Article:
You may regret not taking action now. As Tim mentioned from the talk at the Kafka Summit (http://www.slideshare.net/jjkoshy/kafkaesque-days-at-linked-in-in-2015/49), if __consumer_offsets is not compacted and has accumulated millions (or billions!) of messages, it can take many minutes for the broker to elect a new coordinator after any kind of hiccup. Your new consumers may be hung during this time!

          However, even shutting down brokers to change the configuration will cause coordinator elections which will cause an outage. It seems like not having a "hot spare" for Offset Managers is a liability here…

          We were bit by this bug and it caused all kinds of headaches until we managed to get __consumer_offsets cleaned up again.

          Show
          Peter Davis added a comment - Re: "the broker seems to be working" You may regret not taking action now. As Tim mentioned from the talk at the Kafka Summit ( http://www.slideshare.net/jjkoshy/kafkaesque-days-at-linked-in-in-2015/49 ), if __consumer_offsets is not compacted and has accumulated millions (or billions!) of messages, it can take many minutes for the broker to elect a new coordinator after any kind of hiccup. Your new consumers may be hung during this time! However, even shutting down brokers to change the configuration will cause coordinator elections which will cause an outage. It seems like not having a "hot spare" for Offset Managers is a liability here… We were bit by this bug and it caused all kinds of headaches until we managed to get __consumer_offsets cleaned up again.
          Hide
          Vincent Rischmann added a comment -

          Yeah, that's why I was hoping for a workaround

          Right now it takes a ridiculous amount of time for the broker to load some partitions, it just took like 1h+ to load a 300Gb partition. In that case it didn't impact production though.

          I believe I have found a workaround in my case, since as said it's a temporary thing: I note all big partitions (more than a Gb let's say) and reassign them on brokers that are already cleaned up. The reassignment takes a long time but in the end I think it'll remove the partition from the problematic broker.

          Show
          Vincent Rischmann added a comment - Yeah, that's why I was hoping for a workaround Right now it takes a ridiculous amount of time for the broker to load some partitions, it just took like 1h+ to load a 300Gb partition. In that case it didn't impact production though. I believe I have found a workaround in my case, since as said it's a temporary thing: I note all big partitions (more than a Gb let's say) and reassign them on brokers that are already cleaned up. The reassignment takes a long time but in the end I think it'll remove the partition from the problematic broker.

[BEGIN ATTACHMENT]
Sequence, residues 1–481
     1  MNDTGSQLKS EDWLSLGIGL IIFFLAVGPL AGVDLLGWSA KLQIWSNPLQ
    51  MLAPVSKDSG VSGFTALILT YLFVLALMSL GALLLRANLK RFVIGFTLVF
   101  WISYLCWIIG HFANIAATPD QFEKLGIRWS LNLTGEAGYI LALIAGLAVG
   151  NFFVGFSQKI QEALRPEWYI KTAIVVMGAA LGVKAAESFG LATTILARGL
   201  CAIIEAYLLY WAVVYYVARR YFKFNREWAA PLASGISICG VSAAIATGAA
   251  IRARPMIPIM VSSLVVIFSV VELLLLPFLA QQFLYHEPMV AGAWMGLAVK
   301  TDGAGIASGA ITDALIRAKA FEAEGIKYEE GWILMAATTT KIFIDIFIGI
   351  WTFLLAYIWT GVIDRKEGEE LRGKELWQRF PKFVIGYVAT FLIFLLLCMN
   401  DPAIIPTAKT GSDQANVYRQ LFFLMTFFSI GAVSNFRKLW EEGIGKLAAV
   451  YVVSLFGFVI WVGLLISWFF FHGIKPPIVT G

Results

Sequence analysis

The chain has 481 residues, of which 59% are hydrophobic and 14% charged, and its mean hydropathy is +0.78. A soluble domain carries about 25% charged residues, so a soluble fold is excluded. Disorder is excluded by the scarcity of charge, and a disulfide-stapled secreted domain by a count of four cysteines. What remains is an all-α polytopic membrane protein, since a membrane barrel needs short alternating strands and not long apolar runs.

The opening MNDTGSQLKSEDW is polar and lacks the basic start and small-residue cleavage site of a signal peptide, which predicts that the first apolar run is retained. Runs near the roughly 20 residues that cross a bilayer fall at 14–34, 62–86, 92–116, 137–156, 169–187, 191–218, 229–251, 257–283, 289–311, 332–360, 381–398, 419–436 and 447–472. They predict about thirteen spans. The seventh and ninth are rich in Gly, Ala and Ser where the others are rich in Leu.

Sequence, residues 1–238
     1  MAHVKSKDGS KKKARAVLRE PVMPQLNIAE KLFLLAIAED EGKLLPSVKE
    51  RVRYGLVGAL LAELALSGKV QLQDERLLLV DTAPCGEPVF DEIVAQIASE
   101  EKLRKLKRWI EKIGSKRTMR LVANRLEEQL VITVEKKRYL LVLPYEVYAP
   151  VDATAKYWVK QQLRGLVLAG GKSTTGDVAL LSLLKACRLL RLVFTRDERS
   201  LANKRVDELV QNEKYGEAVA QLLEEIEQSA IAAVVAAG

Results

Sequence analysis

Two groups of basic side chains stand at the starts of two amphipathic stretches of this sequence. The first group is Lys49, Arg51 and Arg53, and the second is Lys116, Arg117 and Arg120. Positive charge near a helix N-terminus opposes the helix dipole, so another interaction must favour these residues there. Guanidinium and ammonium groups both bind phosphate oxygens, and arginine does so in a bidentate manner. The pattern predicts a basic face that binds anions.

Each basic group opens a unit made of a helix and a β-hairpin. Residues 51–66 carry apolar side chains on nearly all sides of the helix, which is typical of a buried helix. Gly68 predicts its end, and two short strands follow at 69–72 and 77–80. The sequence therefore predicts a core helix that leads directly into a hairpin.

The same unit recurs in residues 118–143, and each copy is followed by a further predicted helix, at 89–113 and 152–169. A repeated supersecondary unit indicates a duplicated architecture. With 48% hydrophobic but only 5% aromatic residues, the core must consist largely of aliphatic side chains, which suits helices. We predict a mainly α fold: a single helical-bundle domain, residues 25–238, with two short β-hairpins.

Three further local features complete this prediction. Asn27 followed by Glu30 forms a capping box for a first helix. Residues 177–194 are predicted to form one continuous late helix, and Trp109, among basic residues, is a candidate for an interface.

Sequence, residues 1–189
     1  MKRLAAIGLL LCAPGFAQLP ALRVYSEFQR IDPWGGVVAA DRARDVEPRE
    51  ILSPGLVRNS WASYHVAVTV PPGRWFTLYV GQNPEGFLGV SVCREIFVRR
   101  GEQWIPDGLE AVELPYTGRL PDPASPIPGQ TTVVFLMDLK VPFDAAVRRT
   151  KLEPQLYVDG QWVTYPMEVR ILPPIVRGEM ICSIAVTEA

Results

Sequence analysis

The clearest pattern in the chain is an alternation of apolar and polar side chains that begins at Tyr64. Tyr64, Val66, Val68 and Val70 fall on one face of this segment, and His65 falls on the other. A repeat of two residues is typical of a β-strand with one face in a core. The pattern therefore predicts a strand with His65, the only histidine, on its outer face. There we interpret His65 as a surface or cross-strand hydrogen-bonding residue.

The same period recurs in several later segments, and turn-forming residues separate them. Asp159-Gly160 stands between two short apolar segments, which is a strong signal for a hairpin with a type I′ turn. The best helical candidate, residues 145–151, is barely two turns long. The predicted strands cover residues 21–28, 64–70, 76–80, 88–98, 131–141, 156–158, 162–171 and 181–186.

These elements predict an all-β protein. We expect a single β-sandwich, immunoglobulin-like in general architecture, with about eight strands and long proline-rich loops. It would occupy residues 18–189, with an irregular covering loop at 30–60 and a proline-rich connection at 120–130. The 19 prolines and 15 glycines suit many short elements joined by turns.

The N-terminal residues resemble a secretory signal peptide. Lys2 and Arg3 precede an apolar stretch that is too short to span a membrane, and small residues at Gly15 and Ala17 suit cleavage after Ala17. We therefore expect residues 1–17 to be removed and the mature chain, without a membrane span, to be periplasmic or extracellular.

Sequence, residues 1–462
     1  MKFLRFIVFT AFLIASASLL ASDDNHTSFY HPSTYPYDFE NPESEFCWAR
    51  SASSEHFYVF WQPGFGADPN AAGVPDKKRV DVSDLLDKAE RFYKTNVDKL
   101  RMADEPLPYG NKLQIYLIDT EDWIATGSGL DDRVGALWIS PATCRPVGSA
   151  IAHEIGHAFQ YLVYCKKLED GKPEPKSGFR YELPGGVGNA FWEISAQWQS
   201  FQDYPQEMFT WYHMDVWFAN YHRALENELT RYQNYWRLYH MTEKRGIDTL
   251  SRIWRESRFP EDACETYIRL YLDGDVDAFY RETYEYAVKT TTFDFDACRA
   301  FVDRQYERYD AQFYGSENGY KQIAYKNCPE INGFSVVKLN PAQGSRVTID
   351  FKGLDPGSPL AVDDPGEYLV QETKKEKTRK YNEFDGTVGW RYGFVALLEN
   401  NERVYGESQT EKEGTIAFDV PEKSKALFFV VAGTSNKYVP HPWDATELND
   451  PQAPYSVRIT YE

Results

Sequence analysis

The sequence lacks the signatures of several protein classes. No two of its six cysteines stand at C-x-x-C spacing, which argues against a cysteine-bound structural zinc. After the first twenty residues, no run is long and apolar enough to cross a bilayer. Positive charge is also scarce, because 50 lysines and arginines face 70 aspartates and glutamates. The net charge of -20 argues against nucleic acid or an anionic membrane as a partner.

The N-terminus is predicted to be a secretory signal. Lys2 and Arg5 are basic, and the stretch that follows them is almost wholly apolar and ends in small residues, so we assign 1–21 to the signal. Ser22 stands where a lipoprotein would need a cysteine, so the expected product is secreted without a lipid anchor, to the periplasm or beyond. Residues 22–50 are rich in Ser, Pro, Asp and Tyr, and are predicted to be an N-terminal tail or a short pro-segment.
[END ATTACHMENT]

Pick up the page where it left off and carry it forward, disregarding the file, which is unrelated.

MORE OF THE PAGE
Hide
          Vincent Rischmann added a comment -

          Well that doesn't work, in fact I just realized that the log cleaner threads all died on the migrated brokers. So yep, still need to find a workaround or wait for a fix. How did you manage to cleanup the logs Peter Davis ?

          Show
          Vincent Rischmann added a comment - Well that doesn't work, in fact I just realized that the log cleaner threads all died on the migrated brokers. So yep, still need to find a workaround or wait for a fix. How did you manage to cleanup the logs Peter Davis ?
          Hide
          Jun Rao added a comment -

          Tom Crayford, I chatted with Jay Kreps on this a bit. There are a couple things that we can do to address this issue.

          a. We can potentially make the allocation of the dedup buffer more dynamic. We can start with something small like 100MB. If needed, we can grow the dedup buffer up to the configured size. This will allow us to set a larger default dedup buffer size (say 1GB). If there are not lots of keys, the broker won't be using that much memory. This will allow the default configuration to accommodate more keys.

          b. To handle the edge case where a segment still has more keys than the increased dedup buffer can handle. We can do the #3 approach as you suggested. Basically, if the dedup buffer is full when only a partial segment is loaded, we remember the next offset (say L). We scan all old log segments including this one as before. The only difference is that when scanning the last segment, we force creating a new segment starting at offset L and simply copy the existing messages after L to the new segment. Then, after we swapped in the new segments, we will move the cleaner marker to offset L. This adds a bit of inefficiency since we have to scan the last swapped-in segment again. However, this will allow the cleaner to always make progress regardless of the # of keys. I am not sure that I understand the case you mentioned that won't work in both approach #3 and #4.

          Show